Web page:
Due to moving in July, and having LASIK surgery and my kitty Dax crossing the rainbow bridge in August, this is the first time I’ve read my IRL book club’s book and attended the discussion. I’m glad I was able to go.
We met in-person last Wednesday evening to discuss September’s book, THE GOOD SISTER by Sally Hepworth. There were eight of us who met together and we all read the book. Here are some highlights of our discussion:
- A few of us guessed the twist early on. Two of them thought it ruined the suspense and thrill of the story and didn’t enjoy the story as much after that.
- Even though I also guessed the twist early, it didn’t ruin the suspense or thrill for me. Instead of anticipating this, I anticipated how the resolution came about (if there is one) or how the characters will react to the big reveal and how it will affect what they do next.
- The rest of the group really enjoyed the book, didn’t see the twist coming, and were surprised all around by what happened.
- All of us thought the characters were well-developed and round, including the secondary characters.
- All of us loved the one sister–her personality and character, especially her growth arc. View Spoiler »We really liked how Hepworth handled Fern’s neurodivergence and that most of the characters surrounding her helped her grow, played to her strengths, and learned to accept her as is. « Hide Spoiler
- A few of us didn’t like the last chapter. We thought it was overkill. One person even suggested that it felt like the ending to Hitchcock’s PSYCHO.
Before I went to book club, I hemmed and hawed about going. I worried about sharing some of my views. I didn’t want people to discount my thoughts on Borderline Personality Disorder (BPD) because of thinking I was being too sensitive. One person said she thought it didn’t perpetuate the stigma like I did, which is fine. Everyone’s entitled to their own opinion. And, after two others members who have first-hand experience working with mental illness and/or BPD validated my views, I think it helped with understanding where I was coming from more.
*steps on soapbox* I talked about this in my review, and I think it’s worth stating again. Hepworth diagnoses the one sister as narcissistic or possible BPD. Based on the character’s actions and thoughts, it’s clear, however, Hepworth didn’t really understand either mental illness or how they manifest in real life. She probably saw a list of criteria and decided they fit, or she read the criteria and wrote the character with her limited understanding. (This is why there’s a need for sensitivity readers and/or own voices authors.)
Even though Hepworth’s diagnosis isn’t definite (“possible”), it does perpetuate the stigma associated with BPD, an already very stigmatized disorder. People with BPD are often perceived as being violent. This comes from one of the possible diagnosis criteria of having, and maybe a hard time controlling, irrational anger. Some people present anger outward in the form of yelling, screaming, throwing things, etc. Others, like me, present anger inward by directing the emotion at ourselves. (I rarely present anger outward.) When people with BPD act on violent urges, it’s normally in the form of self-harm or suicidal ideation. Of course, some of the people who present anger outward may also be violent against others. BPD, though, usually isn’t the actual cause of that kind of violence. BPD’s often diagnosed with other disorders. The most common are mood, eating, and substance abuse disorders. The combined presentations of these disorders MAY create a perfect storm of having and acting on outward violent urges.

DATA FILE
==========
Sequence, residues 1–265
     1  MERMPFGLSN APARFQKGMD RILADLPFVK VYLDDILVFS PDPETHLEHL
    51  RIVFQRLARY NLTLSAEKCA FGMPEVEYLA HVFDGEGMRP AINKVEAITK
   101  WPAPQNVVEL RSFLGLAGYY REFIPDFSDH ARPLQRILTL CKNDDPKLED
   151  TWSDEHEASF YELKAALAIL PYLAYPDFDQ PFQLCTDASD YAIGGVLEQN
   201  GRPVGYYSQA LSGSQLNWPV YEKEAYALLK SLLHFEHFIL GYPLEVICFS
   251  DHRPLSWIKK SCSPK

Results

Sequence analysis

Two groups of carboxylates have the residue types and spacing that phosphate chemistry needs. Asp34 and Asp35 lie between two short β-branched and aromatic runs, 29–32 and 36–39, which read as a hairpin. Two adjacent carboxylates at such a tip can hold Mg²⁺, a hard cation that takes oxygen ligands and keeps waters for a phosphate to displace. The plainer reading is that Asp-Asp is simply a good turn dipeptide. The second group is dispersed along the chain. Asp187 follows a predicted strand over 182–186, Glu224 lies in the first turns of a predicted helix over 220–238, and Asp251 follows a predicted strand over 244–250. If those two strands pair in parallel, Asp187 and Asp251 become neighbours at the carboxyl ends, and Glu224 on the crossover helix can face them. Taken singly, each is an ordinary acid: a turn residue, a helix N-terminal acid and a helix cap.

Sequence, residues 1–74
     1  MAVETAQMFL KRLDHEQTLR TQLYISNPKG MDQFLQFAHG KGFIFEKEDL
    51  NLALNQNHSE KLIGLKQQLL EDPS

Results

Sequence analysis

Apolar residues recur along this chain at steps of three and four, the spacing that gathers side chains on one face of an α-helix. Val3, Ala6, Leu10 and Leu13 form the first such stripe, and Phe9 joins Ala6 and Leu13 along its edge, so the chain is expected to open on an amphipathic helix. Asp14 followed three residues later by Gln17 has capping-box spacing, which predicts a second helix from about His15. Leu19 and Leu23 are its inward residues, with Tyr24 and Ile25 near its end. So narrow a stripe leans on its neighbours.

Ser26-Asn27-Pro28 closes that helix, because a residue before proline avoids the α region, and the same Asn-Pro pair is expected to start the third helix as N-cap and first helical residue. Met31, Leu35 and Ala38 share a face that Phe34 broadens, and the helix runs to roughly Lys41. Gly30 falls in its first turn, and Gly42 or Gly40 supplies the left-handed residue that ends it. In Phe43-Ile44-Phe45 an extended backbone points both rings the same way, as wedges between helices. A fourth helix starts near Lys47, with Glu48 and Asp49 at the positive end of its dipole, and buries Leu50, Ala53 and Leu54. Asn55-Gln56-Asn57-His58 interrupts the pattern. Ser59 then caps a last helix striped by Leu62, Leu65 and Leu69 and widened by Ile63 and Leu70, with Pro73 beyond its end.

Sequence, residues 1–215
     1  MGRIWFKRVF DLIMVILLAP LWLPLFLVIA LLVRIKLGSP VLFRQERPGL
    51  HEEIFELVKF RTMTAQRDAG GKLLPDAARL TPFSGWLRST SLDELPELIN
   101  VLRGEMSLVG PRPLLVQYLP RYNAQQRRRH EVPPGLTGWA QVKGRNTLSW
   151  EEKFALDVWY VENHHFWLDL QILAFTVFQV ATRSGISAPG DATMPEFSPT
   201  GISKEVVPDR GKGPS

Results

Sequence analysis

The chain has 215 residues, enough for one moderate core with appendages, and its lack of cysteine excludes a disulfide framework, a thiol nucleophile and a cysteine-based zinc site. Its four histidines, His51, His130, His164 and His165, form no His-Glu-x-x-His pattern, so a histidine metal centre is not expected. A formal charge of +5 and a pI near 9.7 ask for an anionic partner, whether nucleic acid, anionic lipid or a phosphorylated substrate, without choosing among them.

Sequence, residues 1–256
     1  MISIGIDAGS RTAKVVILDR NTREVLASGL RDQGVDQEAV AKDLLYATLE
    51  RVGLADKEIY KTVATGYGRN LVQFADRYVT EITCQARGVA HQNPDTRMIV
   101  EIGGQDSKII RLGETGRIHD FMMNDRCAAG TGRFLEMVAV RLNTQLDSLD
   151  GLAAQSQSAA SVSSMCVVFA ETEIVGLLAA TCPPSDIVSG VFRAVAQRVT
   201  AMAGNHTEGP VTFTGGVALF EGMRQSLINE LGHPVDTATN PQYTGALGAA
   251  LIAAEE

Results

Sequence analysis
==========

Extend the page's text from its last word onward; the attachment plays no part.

Having BPD simply means that our emotions are more extreme than the general population. The difference between BPD and Bipolar Disorder is the duration of the highs and lows. BPD’s are shorter (i.e., minutes, hours, possibly days) than Bipolar’s (i.e., days, weeks, possibly months). Regulating our emotions is much more difficult with the extremes, which is why we often come across as whiny, needy, petty, or having a thin skin. Learning very specific coping skills in Dialectical Behavior Therapy (DBT) is crucial for our well-being. *steps off soapbox*
Needless to say, we had a very interesting discussion about mental illness, BPD, neurodivergence, and society’s role in how we perceive and treat those with mental illness. It was very affirming to receive validation instead of the “you’re too sensitive about this” reaction.
I wish I could report on everything we discussed. Due to the nature of a psychological thriller, however, I can’t report on all the details without spoiling you. Hopefully, I’ve done a good enough job to make this post interesting and still let you experience THE GOOD SISTER on your own if you want to read it.
Next month, we’re reading FEED by Mira Grant (Seanan McGuire). I’ve been anticipating this book ever since someone nominated it as a possible book for book club. I’ve heard mixed reviews, but they’ve been generally positive.
Anyway, have you read THE GOOD SISTER? If so, what do you think about my book club’s discussion about it?